Michael Reynolds definately walks the walk. I first heard of Earthships several years ago, but didn't give it much thought until, driving just beyond the Rio Grande Gorge outside of Taos, I saw a collection of them. To say I was impressed would be an understatement. What Michael has done, first publicized to my knowledge in this book, has been astonishing.
The book talks about his concept of the Earthship, how to build them, how they work, and how you, too can live virtually independant of the large grid of services available to you, and that in many ways makes you work for the system itself!
This book of ideas has evolved and been thoroughly vetted in real life in 3 developments around Taos and countless other places in the world (mostly in the Western US) -- so it is a lot less experimental than you might think. The novelty mostly resides with our unfamiliarity with the Earthship.
The structures are partially buried, with load bearing walls made of earth rammed old tyres, non load bearing walls built of cans, with greywater systems supported by rain catchwater. PV and wind powered, with food and other plants grown in the house, the premise is as close to total self sufficiency as one might be able to get. Philosophically, nearly a perfect expression of that desire. Practically, it seems to deliver, which sets itself apart from many other building methods and philosophies.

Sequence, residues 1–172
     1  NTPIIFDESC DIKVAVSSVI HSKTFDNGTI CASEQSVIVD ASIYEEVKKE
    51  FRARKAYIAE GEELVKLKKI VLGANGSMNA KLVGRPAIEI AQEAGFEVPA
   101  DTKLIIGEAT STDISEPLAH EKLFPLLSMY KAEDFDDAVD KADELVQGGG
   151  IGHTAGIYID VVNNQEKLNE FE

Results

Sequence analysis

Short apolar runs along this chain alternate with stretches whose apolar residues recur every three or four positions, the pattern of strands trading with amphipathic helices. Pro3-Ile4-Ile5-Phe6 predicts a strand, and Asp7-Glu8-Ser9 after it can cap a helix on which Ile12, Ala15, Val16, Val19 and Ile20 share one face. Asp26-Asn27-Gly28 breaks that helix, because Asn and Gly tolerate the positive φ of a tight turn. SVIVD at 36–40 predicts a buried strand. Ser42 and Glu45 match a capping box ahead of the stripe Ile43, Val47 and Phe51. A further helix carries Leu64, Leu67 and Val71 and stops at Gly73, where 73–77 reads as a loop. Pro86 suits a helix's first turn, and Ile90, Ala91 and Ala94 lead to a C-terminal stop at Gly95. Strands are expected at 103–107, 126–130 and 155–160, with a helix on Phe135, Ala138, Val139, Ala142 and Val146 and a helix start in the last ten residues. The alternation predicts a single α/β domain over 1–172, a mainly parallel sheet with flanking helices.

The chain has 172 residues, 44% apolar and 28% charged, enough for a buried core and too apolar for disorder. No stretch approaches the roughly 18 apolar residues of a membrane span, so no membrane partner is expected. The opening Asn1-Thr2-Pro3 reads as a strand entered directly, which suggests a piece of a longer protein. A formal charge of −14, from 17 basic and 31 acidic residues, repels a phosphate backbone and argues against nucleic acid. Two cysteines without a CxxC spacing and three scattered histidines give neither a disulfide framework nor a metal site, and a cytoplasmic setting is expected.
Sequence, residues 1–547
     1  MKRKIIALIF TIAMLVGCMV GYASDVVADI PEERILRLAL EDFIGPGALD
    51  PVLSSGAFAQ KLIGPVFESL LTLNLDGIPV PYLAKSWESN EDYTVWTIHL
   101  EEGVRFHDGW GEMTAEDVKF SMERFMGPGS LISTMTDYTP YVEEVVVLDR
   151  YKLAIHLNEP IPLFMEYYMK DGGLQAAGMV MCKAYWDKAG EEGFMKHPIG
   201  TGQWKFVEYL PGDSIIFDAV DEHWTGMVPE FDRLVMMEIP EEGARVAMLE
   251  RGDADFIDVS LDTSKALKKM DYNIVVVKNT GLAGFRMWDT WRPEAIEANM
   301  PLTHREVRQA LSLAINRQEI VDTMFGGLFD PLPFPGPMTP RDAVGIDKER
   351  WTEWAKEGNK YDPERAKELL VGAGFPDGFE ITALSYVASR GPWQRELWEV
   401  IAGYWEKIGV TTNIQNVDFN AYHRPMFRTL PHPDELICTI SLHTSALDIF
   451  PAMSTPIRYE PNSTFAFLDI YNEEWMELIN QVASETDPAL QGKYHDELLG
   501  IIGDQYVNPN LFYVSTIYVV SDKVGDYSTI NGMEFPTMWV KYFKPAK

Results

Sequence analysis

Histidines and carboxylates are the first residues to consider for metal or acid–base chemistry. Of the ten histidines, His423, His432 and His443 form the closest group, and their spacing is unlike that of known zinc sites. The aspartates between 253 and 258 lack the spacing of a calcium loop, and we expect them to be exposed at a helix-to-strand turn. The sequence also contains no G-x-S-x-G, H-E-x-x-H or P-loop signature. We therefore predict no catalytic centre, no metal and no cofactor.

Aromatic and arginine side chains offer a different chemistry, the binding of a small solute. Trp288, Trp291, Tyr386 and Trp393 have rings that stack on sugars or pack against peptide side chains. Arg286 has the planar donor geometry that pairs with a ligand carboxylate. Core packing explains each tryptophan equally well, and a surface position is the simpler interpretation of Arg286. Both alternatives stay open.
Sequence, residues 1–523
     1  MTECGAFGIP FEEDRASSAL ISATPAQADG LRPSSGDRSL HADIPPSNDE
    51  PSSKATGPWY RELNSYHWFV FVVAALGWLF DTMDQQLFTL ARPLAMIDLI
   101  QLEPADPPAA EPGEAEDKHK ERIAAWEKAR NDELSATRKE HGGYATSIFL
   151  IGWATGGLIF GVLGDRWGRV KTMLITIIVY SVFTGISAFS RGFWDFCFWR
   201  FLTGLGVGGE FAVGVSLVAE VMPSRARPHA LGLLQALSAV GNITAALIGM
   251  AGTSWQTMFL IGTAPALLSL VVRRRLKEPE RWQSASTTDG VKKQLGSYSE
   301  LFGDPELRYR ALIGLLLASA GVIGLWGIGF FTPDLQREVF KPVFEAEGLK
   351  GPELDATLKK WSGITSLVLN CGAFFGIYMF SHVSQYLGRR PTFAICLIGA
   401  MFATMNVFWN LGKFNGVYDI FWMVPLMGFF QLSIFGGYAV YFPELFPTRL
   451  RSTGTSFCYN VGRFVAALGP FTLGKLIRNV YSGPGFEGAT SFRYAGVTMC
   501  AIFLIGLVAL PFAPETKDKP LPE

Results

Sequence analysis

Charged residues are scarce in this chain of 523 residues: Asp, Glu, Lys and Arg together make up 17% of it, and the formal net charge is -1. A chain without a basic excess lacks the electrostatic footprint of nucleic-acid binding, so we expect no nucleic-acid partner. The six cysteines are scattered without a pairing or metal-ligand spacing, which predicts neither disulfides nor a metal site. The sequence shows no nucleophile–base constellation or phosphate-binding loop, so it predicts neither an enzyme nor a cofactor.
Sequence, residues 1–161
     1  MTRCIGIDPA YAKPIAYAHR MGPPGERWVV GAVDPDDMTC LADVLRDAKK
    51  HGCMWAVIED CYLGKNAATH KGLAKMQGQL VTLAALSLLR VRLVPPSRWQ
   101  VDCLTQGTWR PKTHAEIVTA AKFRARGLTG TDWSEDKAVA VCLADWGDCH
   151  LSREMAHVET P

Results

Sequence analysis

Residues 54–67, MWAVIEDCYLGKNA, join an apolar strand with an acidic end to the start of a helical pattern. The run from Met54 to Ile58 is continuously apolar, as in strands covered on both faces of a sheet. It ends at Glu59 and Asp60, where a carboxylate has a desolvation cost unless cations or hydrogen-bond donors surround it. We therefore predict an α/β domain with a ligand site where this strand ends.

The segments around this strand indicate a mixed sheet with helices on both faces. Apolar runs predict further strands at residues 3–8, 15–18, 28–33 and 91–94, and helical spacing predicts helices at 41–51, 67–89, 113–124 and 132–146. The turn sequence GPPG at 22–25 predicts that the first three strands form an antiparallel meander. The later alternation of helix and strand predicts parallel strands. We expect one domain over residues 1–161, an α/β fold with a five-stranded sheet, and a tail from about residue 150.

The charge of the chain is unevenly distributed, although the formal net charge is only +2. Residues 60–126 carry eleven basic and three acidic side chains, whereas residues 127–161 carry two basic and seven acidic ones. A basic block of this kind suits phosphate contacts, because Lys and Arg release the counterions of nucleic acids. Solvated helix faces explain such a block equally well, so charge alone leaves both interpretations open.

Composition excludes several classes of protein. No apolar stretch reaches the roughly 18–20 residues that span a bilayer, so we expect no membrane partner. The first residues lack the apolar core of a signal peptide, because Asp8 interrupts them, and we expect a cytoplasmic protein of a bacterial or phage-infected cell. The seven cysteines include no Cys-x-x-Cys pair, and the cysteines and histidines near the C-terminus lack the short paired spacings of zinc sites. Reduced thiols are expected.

In this age of unreliable utilities, uncertain prices of fuels, corrupt business leaders, bankrupt corporations and politics bought and paid for by institutions whose motives are quentionable, such a book and underlying philosphy seems relevant like no other time similar except the early 1970's.
To some, this book of building a low cost shelter might help someone get into a nice house where they might not have otherwise, to others this might be a manifesto, still others might have the engineering appeal strike the most resonant cord.
Either way, this is a MUST HAVE for at least my bookshelf. I went ahead and got #2 and #3 as well!